About this series:
These entries are taken from my article “Don’t Call Us — We’ll Call You.” It is a tongue-in-cheek survey of actors’ silly mistakes that should never have been made. Your comments are welcome, but PLEASE don’t comment “that’s dumb” or “everybody knows that” because I have personally seen these mistakes cost actors (sometimes even professional actors) roles.
YOU WEREN’T COOPERATIVE. When we were doing improvisations or other theatre games, you gave me the impression that you didn’t approve of my audition methods or that you thought it was silly. Silly you. I can tell a lot about your personality by the way you cooperate with an audition format. What makes me think that you won’t be uncooperative during my rehearsals as well? You haven’t learned yet that you need to ACT as though you are a team player, someone who can play the “Audition Game” in a cooperative manor.
I vividly remember my performing days. So many things that stand out that I really, really loved about that lifestyle: the teamwork, the applause, the rush of adrenalin, seeing the audience’s eyes as I was singing to them, the cast parties, making people laugh, dating dancers (ah, but I digress!)– but the one thing that I absolutely HATED was auditions. I hated it with a passion. Don’t get me wrong– I was pretty good at it, but I hated every moment of it. It went against every grain of my being. I’m such a non-conformist that the thought of standing in front of a group of producers like a trained monkey in a zoo pretty much repulsed me. But in the thousands of years of Theatre, they haven’t found a better, more reliable way to cast shows, it was either put up– or shut up.
Now, it seems pretty dumb that I was in a profession that relied so heavily on something that I detested. That’s life! My love of performing outweighed my destain for auditioning. The way I got through it was by treating it as a GAME.
The object of The Audition Game was to convince the producer that s/he didn’t want to produce whatever show for which they were holding auditions without me! I had a pretty good package going: I had a big voice, my acting was pretty good (for a singer), I could move well (though I’m not a dancer), I had a LOT of backstage tech skills, and I was a nice, polite guy with a good sense of humor. My job during an audition was to make sure the producer knew all this.
I would come into the audition full of energy, convince them that I had talent, then display my ability to use appropriate humor. The Producers may have been sitting through hours (or days!) of auditions and anything I could do to stand out was usually appreciated.
Now, as far as humor goes, I have to emphasize APPROPRIATE humor. Actors, directors, and producers work long and hard. Being able to find appropriate ways to alleviate stress and tension is a big plus– but nobody likes a smart-butt who doesn’t know when to shut up.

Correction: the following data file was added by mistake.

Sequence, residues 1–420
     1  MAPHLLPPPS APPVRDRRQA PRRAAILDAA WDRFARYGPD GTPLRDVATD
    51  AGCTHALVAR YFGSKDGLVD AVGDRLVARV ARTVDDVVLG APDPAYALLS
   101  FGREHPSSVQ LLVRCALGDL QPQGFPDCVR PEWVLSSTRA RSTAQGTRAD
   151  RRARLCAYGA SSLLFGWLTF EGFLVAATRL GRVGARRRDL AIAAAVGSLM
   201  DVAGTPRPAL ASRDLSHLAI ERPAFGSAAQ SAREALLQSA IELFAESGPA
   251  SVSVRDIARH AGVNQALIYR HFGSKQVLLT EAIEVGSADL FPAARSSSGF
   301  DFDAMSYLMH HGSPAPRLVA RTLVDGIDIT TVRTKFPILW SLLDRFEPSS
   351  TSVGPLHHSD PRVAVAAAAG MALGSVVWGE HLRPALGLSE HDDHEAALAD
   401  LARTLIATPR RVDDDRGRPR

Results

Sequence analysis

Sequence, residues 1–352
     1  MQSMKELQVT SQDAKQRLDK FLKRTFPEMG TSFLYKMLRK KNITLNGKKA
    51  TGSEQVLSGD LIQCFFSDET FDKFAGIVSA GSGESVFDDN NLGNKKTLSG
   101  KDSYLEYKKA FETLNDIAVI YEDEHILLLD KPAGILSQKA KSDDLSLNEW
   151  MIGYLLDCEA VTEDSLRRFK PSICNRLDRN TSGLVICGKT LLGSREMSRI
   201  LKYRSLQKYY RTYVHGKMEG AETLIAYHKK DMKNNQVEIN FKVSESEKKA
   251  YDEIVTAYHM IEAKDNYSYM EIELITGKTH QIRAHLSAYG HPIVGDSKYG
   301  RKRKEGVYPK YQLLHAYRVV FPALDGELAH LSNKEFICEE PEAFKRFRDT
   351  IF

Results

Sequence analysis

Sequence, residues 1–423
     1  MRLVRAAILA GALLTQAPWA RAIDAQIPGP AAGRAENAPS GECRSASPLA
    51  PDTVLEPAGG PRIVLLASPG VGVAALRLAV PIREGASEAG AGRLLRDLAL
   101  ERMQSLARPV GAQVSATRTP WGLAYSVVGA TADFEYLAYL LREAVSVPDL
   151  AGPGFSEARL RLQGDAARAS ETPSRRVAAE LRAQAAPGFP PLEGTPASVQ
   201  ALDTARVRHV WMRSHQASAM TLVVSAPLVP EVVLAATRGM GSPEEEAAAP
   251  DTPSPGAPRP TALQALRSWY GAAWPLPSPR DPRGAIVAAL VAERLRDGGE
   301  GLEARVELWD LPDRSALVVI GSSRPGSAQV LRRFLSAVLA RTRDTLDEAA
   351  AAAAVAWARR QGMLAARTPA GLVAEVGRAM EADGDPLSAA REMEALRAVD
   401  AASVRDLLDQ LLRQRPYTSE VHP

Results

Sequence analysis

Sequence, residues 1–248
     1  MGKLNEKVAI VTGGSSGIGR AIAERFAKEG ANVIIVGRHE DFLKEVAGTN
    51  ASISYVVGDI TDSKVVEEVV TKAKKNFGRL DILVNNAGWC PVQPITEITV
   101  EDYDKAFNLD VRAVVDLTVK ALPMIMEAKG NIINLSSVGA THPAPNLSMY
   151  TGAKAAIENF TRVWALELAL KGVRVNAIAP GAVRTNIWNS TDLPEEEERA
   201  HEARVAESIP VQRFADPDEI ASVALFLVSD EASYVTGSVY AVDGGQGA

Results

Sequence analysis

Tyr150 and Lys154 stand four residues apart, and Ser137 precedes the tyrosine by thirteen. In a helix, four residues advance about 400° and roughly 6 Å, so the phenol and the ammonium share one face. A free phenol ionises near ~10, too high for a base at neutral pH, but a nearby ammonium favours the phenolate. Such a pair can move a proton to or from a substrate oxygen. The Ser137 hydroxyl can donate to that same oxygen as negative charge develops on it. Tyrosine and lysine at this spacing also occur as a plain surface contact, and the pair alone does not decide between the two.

And while I’m at it, one of the biggest challenges an actor faces during an audition is when you are asked to do something…. dumb. I had a producer ask me to improvise an elephant standing on one leg. I’m serious. Instead of telegraphing my opinion of this request– I smiled, said “You bet!” in my most agreeable voice and did it. When my audition was over, I thanked them, exited the space, and kept my mouth shut.
What if that “dumb” request was actually a wily producer’s way of seeing how far I’d go to be a team player?
When I was directing a show in grad school, I had a buddy of mine attend my auditions to observe how the actors related to me. I was relatively new to the directing thing and hadn’t developed my ability to see out of the back of my head yet. He not only told me where I wasn’t communicating my intentions very well, he also let me know if my personality would clash with that of an actor. My buddy knew me very well and his input was invaluable to me. Our rehearsal process was so short, we didn’t have time to mess with personality clashes.
Playing the auditions as a game can help you get through even the most rediculous audition situations with your pride and reputation intact. Be a trooper, be a great team player, and just do whatever you’re asked to do. The producer may be new to the audition game– or he may just be trying to find something fresh and new to ward off boredom. Just do it, thank them for the opportunity, and keep your mouth shut. They may have a buddy in the green room listening for who complains about the dumb audition.